Around midnight, Mark Benecke paces an area roughly 12 feet by 12 feet while 200 pairs of eyes anxiously watch him at a downtown nightclub called Vertigo.
Benecke is the head doorman, and Friday and Saturday nights from 9 p.m. to 4:30 a.m. he is a god, in a manner of speaking. It is up to him to decide who gets beyond the ropes into the club, and who doesn't. If the world is divided into the haves and the have-nots, here it is divided into the ins and the not-ins.
First of Kind in L.A.
Vertigo is the first "New York-style" club in Los Angeles, a euphemism meaning not everyone is allowed to go in, although it's not a private club. At popular New York nightspots like Area and Palladium, patrons take it for granted that doormen will pick or not pick them according to how they look or who they are.
Up until now, all that L.A. clubs demanded was a cover charge. At Vertigo they want more. "We reserve the right to refuse service to anyone" is the motto, and selection of the trendiest is left up to Benecke and one other doorman who survey the crowd at Olympic and Grand with steely stares and let down the ropes for the people they want in. Being on the guest list or having a "priority card" helps but doesn't guarantee anything. After that, looks, clothes, the right attitude--and the right shoes--are essential.
Generally, they pick the people wearing the latest fashions first, such as girls in sleeveless turtlenecks and tight skirts, or something way out, such as punk haircuts or thrift shop clothes worn with style. People in black tie seem to get in automatically.
Benecke has the distinction of having been the maitre d' and the doorman off and on for several years at New York's Studio 54, the club that started the whole trend in selective admittance, where in the late '70s Calvin and Brooke and Bianca partied the night away. After 54's original owner, Steve Rubell, was jailed for income-tax evasion, Benecke headed to L.A. to work at La Cage Aux Folles, then went back to 54. In the world of doormen, he's a pro.
"Without trying to sound haughty, I see myself like an artist," he says. "It's kind of like casting a play. Or mixing a salad, in layman's terms. You need the mix of all different types."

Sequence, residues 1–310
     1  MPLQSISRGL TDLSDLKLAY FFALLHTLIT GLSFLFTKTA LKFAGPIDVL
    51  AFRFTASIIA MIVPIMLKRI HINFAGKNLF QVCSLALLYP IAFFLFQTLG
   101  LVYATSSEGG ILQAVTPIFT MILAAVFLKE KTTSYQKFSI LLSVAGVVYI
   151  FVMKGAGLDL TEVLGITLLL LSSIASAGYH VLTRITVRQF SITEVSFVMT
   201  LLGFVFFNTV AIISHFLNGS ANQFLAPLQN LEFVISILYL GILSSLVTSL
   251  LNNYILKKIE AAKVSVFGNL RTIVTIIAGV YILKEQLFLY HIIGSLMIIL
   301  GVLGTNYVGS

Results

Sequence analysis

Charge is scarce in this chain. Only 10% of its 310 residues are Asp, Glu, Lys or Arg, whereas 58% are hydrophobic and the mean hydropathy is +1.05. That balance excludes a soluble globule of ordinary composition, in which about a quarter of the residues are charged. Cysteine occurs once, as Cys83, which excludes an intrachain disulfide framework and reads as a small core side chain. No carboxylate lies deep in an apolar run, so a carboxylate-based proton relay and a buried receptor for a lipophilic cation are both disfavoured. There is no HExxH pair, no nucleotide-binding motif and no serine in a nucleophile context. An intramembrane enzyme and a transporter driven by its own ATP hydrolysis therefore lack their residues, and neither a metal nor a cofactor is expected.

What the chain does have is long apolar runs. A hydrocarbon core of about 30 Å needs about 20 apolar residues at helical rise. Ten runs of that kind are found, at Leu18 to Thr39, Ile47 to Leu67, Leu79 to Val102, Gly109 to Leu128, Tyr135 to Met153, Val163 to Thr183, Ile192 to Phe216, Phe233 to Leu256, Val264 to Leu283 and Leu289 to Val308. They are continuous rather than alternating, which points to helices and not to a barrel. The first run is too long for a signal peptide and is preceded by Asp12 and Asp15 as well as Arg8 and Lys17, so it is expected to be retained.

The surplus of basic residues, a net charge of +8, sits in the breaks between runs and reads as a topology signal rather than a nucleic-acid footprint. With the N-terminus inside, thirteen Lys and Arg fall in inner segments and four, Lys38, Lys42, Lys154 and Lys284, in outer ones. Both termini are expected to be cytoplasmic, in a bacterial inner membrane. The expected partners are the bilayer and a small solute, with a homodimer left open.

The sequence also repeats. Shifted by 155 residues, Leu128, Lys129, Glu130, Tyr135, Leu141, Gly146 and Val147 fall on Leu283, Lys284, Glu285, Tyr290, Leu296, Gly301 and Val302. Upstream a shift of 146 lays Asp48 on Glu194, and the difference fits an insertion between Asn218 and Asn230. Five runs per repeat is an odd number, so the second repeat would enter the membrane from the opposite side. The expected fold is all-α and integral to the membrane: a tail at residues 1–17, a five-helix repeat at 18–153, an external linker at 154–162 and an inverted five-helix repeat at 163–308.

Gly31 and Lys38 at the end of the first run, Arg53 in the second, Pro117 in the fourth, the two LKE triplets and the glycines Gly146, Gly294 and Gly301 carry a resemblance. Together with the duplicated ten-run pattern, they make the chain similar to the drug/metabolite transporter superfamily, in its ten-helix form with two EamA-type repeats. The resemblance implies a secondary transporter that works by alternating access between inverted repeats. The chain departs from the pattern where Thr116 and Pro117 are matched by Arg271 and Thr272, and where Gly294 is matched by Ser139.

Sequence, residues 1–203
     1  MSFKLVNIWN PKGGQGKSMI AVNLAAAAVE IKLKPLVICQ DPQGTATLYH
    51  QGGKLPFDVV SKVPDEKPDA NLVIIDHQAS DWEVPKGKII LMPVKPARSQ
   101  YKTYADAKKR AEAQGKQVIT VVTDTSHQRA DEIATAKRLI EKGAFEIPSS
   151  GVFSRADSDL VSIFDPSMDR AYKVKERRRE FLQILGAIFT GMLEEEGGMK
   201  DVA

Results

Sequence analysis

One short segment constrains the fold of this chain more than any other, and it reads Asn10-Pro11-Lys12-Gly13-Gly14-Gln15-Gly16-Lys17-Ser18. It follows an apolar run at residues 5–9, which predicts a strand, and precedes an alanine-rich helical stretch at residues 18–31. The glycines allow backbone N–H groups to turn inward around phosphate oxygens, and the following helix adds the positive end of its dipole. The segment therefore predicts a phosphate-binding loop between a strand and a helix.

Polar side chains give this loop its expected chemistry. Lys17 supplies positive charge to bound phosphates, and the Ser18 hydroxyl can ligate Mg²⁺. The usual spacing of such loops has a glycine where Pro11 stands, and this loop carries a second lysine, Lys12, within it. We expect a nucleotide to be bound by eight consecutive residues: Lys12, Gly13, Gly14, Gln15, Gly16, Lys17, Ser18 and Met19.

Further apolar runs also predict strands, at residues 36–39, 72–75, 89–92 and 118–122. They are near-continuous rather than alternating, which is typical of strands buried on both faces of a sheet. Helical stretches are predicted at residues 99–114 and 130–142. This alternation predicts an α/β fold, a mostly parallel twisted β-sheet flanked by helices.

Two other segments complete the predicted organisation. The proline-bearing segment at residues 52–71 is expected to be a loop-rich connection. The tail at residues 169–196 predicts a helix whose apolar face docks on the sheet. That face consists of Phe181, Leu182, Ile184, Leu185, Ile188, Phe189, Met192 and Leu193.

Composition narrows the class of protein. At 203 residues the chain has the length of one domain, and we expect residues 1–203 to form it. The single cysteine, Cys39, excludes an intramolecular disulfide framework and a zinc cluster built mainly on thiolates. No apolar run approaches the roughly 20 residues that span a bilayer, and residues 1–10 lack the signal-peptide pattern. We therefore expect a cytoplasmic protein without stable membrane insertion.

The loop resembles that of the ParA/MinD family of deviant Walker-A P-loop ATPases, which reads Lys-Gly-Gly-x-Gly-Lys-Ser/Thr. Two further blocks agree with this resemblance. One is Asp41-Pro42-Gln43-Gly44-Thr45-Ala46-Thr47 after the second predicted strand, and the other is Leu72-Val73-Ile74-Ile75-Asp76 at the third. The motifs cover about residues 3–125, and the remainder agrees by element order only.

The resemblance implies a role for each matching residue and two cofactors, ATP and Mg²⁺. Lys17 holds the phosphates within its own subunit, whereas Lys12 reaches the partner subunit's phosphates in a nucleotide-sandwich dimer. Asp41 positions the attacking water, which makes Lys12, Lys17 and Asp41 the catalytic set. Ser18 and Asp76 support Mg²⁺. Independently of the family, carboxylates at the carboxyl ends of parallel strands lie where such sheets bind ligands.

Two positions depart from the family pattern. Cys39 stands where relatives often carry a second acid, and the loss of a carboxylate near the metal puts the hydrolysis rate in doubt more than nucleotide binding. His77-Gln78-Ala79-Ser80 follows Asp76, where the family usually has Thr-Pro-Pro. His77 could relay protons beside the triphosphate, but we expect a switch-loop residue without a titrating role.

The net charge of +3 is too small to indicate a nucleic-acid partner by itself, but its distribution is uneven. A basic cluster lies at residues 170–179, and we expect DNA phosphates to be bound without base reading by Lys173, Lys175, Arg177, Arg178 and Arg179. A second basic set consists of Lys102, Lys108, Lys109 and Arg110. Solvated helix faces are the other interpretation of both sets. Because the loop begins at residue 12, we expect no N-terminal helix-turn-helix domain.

On this particular Saturday night when the crowd inside the club is getting up to the 1,100 capacity, Benecke is being choosy. He knows the fire marshals are on their way to check out the crowd and he's got to make sure no riffraff slip by. (The space it occupies two nights a week is actually Myron's Ballroom; ballroom dancing takes place there on Sundays.)
Always Open for the Famous
In another setting the 29-year-old Benecke might look like he's on his way to a Yale class reunion, dressed in a navy blazer, toothpaste white shirt, striped tie, baggy white pants and navy slip-on shoes with no socks. Neatly cropped blond hair and chiseled features add to the look, and his jaw tenses as he scans.
"We've been getting a good number of famous and important people," he says. "George Michael, Boy George, Harry Dean Stanton. . . . I personally admire him greatly."
Other than celebrity superstardom, what does Benecke look for when mixing his salad? "The most important thing for me is personality, how a person comes across. Then you have what I call unusual--people who are interesting, exciting, who don't dress the norm, don't conform to society. Basically, I look for people who are visually interesting, people who have high energy, not people who are just going to hang around upstairs and gawk at everybody."
What if a couple is split--one good-looking, one hopelessly out of fashion? "Yeah," he says, laughing, "that happens. Normally the personality becomes the overriding factor. If they're a nice person they'll get in."
One man Benecke let in earlier didn't seem to fit the mold in his tattered jeans and ratty brown sweater. "Oh, he owns a gallery down the street," he explains.
As it is with night life in Los Angeles, when a club is hot, neither fire marshals, cover charges (here it's $10) nor doormen will keep people away. Ads about Vertigo in the trend-watching Interview magazine and other publications have helped fuel the fire. And though it's been open since Jan. 1, it is now hitting its stride.
"People here are not yet used to this kind of club," Benecke says as a few young men manically snap their fingers and lean over the ropes, vying for his attention. "A lot of trends start here and go to the East Coast, but this is one trend that started out there and came here. I think there was a definite need for a club like this. Most clubs are private, and charge an astronomical amount of money to join. Or you have what I call the hotel-chain discotheque. You know the kind of place I'm talking about?"